I hope you enjoyed the article!

I wrote the first paragraph, but I got the rest of the information from: https://www.thestreet.com/slideshow/14352139/1/15-best-family-cars-for-thanksgiving-travel.html

The article was written by Jason Notte on November 13, 2017 for TheStreet.

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Scary Cars

     It’s the spooky month of October and Halloween is right around the corner. What better way to celebrate the season then some scary cars!

     Here are our Top scariest cars. They came through and were even kind enough to tell us for whom exactly the cars are scary. Read on, if you dare (imagine spooky laughter here)…

1969 Ford Mustang

Scary for: Bystanders and other drivers

     Looks like an early Ford Mustang, right? It is, on the outside anyway. The inside, however, is all Ford Falcon, a pedestrian vehicle if ever there was one. So what, you say? Well, drop a Boss V-8 into a Ford Falcon and what do you get? An overpowered car that doesn’t have the shocks, brakes or structural rigidity to turn or stop well. In other words … look out!

1969 Pontiac Trans Am

Scary for: Bystanders and other drivers

     Garish? Sure, but that’s not our complaint. This was the height of muscle-cardom. This was when American car manufacturers figured out how to make humongous, powerful engines. Sadly, they hadn’t yet figured out how to do handling, so you had an overpowered rear-wheel-drive car with no weight in the rear end. As a result, when there was half a drop of rain on the ground this thing spun around like Dizzy Dan from the Battling Tops. Anything but perfect weather, and it was totally uncontrollable.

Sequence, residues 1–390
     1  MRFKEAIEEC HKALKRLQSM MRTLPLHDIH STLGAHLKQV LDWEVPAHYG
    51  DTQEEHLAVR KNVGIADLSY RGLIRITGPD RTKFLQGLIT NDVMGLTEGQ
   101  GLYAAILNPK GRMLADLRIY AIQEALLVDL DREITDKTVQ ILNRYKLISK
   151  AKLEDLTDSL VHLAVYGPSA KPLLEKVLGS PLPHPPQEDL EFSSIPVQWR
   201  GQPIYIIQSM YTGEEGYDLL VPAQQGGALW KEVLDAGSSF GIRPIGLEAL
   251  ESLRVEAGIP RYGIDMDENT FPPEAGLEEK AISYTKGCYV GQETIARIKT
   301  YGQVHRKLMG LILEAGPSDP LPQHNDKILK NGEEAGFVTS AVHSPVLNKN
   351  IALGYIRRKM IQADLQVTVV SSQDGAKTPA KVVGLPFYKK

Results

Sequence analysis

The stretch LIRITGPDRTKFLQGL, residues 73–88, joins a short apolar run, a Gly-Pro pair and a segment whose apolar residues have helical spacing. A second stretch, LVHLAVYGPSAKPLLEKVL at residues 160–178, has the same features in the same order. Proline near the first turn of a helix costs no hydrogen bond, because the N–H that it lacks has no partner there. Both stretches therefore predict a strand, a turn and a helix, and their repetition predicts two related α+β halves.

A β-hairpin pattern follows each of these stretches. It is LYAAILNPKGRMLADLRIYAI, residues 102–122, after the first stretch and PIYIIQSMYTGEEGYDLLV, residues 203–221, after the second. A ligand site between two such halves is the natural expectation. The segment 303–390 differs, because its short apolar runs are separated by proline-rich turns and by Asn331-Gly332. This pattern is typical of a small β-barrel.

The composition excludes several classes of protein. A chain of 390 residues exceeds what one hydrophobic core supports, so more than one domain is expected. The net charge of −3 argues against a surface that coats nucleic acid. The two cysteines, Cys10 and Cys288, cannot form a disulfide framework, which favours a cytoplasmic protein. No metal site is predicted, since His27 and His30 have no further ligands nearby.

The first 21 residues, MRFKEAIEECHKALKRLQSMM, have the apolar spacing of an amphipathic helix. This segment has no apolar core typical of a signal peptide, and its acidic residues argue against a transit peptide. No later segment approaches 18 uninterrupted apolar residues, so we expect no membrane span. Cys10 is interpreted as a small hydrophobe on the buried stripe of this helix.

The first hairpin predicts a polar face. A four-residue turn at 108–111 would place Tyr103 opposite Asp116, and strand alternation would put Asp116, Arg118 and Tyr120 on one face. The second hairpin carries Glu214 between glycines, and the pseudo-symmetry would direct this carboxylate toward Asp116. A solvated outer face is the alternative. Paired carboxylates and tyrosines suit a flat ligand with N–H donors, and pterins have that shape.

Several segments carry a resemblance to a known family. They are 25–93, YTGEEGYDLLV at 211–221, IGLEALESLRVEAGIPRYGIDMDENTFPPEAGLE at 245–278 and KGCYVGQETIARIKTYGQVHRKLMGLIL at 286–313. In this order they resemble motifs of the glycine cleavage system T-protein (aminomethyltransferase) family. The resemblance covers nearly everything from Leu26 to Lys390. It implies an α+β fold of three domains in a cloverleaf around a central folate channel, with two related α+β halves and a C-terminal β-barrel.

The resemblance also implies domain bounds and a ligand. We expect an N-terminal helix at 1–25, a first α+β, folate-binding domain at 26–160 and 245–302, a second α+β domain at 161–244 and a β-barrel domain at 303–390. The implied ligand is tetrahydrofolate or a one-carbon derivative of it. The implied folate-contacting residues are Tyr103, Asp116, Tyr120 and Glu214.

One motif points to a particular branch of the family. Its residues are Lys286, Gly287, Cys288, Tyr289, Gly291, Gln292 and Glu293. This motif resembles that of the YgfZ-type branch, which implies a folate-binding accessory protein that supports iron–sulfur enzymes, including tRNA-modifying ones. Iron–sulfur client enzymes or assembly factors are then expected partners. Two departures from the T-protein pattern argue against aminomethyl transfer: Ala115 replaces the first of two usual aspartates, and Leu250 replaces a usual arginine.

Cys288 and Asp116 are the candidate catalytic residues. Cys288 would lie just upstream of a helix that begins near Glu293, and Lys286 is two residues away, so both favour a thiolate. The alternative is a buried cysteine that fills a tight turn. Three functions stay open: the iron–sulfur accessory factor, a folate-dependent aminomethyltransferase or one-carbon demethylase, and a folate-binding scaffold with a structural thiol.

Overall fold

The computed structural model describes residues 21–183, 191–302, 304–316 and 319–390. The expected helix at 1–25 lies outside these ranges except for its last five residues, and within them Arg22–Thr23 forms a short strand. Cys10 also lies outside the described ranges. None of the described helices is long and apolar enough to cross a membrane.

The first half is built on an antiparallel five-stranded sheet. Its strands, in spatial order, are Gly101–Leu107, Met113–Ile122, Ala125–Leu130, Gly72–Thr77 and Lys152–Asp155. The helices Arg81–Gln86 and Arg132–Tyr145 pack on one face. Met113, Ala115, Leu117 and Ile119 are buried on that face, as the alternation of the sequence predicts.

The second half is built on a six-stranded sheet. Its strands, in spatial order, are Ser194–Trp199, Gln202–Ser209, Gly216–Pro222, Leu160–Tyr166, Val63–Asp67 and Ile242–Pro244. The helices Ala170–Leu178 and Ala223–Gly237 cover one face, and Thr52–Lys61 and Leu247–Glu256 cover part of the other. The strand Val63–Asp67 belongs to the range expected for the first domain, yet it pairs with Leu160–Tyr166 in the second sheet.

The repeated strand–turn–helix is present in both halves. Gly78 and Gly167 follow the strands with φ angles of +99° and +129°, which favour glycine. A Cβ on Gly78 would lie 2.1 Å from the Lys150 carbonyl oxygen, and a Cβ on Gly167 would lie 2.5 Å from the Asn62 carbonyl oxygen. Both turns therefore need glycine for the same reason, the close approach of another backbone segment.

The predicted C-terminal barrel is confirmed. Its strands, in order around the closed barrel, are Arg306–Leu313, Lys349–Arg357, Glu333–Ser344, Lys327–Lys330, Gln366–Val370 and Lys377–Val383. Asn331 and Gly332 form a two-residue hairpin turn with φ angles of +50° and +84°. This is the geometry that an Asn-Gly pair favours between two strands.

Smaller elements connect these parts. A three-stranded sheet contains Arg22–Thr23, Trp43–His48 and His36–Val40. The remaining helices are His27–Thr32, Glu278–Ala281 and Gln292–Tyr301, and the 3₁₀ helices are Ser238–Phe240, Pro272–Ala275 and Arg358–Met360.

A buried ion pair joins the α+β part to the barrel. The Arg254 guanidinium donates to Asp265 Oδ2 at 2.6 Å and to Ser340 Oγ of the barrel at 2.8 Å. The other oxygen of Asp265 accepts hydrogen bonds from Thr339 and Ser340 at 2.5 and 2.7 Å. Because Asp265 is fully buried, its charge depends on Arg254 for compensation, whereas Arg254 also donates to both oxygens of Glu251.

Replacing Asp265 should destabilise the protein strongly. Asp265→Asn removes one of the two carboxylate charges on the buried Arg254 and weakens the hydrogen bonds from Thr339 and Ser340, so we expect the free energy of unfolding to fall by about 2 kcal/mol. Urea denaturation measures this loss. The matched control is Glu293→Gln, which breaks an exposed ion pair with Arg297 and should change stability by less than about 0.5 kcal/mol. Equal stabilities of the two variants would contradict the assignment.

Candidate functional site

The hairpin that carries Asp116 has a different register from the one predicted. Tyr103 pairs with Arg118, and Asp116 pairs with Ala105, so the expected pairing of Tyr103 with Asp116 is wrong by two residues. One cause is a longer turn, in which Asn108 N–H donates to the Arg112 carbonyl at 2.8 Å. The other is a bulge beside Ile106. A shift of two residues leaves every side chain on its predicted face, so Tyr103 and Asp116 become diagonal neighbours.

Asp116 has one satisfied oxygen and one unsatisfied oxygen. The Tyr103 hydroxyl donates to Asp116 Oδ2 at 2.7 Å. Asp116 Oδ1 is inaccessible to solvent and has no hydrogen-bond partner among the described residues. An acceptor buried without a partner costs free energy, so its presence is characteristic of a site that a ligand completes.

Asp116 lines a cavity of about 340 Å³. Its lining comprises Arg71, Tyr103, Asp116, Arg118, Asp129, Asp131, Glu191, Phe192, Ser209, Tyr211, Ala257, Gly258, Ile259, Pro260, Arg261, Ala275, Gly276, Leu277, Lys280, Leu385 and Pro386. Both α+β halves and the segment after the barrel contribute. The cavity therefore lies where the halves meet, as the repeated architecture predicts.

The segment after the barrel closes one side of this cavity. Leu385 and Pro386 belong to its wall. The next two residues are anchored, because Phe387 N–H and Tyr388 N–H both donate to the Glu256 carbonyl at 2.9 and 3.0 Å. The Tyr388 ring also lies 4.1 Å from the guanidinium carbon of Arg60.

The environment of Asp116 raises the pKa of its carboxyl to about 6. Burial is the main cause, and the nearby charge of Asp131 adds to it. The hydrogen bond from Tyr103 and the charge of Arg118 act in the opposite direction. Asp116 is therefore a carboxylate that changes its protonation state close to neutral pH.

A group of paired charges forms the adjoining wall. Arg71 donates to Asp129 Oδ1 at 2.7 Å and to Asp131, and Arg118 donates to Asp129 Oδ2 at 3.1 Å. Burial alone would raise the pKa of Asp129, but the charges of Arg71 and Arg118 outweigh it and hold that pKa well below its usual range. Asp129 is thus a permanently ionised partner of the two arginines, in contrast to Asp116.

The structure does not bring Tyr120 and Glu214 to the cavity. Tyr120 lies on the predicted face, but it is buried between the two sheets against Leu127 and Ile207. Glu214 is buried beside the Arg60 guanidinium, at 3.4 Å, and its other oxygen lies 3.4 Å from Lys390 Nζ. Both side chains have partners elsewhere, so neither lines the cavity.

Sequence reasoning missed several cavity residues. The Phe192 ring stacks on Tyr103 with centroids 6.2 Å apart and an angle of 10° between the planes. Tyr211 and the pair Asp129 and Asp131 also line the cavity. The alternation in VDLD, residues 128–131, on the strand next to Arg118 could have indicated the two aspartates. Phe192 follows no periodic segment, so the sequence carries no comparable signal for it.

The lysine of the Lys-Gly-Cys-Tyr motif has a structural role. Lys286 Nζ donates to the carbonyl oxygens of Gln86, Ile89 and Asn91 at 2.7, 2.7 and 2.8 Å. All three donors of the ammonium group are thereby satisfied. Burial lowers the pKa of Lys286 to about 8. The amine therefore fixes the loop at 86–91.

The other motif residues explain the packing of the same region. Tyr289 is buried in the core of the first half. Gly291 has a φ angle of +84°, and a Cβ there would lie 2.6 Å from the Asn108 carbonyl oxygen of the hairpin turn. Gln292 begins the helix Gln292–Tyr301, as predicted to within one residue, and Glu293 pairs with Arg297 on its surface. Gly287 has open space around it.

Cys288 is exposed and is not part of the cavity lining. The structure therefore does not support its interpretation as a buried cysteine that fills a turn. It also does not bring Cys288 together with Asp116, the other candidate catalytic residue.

1971 Ford Pinto

Scary for: Firefighters and plastic surgeons

     What could possibly be scarier than a car endorsed by both the Shriners’ Burn Ward Fundraising Division and the League of Asbestos-Clothing Manufacturers? These cars had an unfortunate tendency to explode when hit from behind, since that’s where the gas tank was located. Ford did eventually fix the problem, but the damage was done, so to speak. Being anywhere near a Pinto still gives us visions of Robert Duvall calling in airstrikes in “Apocalypse Now.”

1973 Volkswagen Microbus

Scary for: Drivers

     Here’s a scary idea: Design a car so the occupants’ legs are the very first line of defense in a frontal crash. Then add poor stability. Shaped like a pizza box standing on end, the Microbus blew around on the highway like Calista Flockhart in a wind tunnel. Drivers never had time to worry about these issues, though; they were too busy trying to keep themselves warm in the chilly Bus.

1974 Volkswagen Thing

Scary for: Onlookers